The timeout logic is the simplest of the typical SlowLoris attack countermeasures and thus it is what Node.js implements. But if we look at the history of the Node.js’ changes, something very interesting shows up.
As previously stated, the SlowLoris attack has been known since 2008. Node.js, however, was completely vulnerable (at least with the default configuration) to this attack up to version 10.14.0, which was released on November 28th, 2018 (so ten years after it was introduced).
In that release a new timeout
http.Server.headersTimeout was introduced. This timeout represents the maximum time given to a client to completely transfer the request’s header to the server. The default value is 60 seconds. Unfortunately, this is ineffective against SlowLoris as the body of the request is not considered.
In 13.0.0, released on October 22nd, 2019, the default for
http.Server.timeout (which is the maximum amount of time a socket can stay open without transferring any data) was changed from 120 seconds (2 minutes) to no timeout. This made the situation worse because once the headers had been sent, attacking clients had no minimum speed required to send the body.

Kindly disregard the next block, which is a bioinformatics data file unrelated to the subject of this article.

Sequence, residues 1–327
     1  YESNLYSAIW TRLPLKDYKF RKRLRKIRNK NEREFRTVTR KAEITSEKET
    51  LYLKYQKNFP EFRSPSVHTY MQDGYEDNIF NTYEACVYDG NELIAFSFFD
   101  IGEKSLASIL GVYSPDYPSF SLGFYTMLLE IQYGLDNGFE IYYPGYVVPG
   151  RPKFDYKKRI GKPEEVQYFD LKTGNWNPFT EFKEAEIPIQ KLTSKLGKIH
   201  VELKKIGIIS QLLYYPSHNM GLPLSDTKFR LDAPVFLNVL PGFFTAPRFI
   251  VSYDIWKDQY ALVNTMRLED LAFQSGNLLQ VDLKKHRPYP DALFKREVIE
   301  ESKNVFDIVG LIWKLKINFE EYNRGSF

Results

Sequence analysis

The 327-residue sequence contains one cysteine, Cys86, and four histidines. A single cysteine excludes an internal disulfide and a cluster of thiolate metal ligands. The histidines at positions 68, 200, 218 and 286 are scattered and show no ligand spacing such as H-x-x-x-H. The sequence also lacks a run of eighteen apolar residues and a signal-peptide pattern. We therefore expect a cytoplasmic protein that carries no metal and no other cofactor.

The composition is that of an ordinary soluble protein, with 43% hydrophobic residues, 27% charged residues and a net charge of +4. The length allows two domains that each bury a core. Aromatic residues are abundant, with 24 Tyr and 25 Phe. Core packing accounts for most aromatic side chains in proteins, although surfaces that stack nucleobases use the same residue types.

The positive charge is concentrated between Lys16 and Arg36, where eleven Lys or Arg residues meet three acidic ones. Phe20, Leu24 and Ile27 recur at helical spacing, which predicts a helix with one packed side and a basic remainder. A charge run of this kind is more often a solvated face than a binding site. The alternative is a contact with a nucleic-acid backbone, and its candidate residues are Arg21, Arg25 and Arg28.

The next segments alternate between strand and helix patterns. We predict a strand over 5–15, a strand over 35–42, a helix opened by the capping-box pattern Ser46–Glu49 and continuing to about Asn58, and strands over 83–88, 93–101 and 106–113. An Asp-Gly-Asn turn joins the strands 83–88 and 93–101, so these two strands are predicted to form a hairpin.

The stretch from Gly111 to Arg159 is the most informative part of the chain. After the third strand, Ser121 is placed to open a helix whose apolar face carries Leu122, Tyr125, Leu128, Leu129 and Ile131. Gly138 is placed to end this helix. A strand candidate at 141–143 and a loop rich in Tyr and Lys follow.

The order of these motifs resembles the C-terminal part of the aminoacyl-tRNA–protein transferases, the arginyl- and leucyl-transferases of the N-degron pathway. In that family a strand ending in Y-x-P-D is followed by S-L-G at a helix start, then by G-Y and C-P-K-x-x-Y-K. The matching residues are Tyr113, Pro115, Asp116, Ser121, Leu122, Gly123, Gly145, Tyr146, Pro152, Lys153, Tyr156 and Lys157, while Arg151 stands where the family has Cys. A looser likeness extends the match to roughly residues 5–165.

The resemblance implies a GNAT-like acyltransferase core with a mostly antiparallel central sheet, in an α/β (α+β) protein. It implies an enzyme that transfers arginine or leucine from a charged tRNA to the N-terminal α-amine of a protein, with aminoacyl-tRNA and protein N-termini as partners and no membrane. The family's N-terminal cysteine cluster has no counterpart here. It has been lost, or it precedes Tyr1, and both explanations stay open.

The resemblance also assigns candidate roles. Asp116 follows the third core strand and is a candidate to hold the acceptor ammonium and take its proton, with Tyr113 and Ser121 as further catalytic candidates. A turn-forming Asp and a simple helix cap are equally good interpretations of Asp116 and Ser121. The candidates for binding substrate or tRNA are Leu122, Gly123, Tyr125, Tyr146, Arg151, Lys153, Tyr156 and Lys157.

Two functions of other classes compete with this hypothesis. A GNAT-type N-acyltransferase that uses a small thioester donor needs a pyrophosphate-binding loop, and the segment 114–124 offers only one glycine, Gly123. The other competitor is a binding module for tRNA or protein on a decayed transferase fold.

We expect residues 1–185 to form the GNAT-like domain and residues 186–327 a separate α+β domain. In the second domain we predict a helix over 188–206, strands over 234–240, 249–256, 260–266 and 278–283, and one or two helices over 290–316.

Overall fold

The Node.js’ team's choice for backward compatibility was to leave frameworks the responsibility to mitigate the problem. As Open Source projects have several priorities and limited development resources, this never happened.
An additional timeout
http.Server.requestTimeout was introduced in Node.js 14.11.0, released on September 15th, 2020. This timeout represents the maximum time given to a client to completely transfer the request to the server and it comprehensively implements the third countermeasure described in the previous section.
Unfortunately, in order to avoid breaking the semantic versioning contract Node.js adheres to, this feature had to be backward compatible, which meant keeping this feature disabled by default. So, once again, Node.js was still not protected by SlowLoris attacks.
So, up to Node.js 16 there was no defense from SlowLoris attacks using the default configuration. Instead, developers had to create an application that explicitly set
http.Server.requestTimeout to successfully prevent SlowLoris attacks. This was unnecessary for most applications as they are typically deployed behind a reverse proxy that ships its own mitigations.
The story does not end here. As previously stated, in the default configuration the
http.Server.requestTimeout is set to 0 while
http.Server.headersTimeout (which becomes the only active defense against SlowLoris) is set to 60 seconds.
Unfortunately, the default implementation of that timeout checking had a hidden problem. Node.js is always very careful about adding changes that negatively affect performance, and thus the feature was implemented in the most performant way possible, as it can be seen here.
It is not immediately visible, but the timer is verified after new data is received from the socket. This means that a connection can lower the transmission rate of the headers up to
http.Server.timeout - 1 milliseconds.
This can be easily verifiable by executing the snippet below: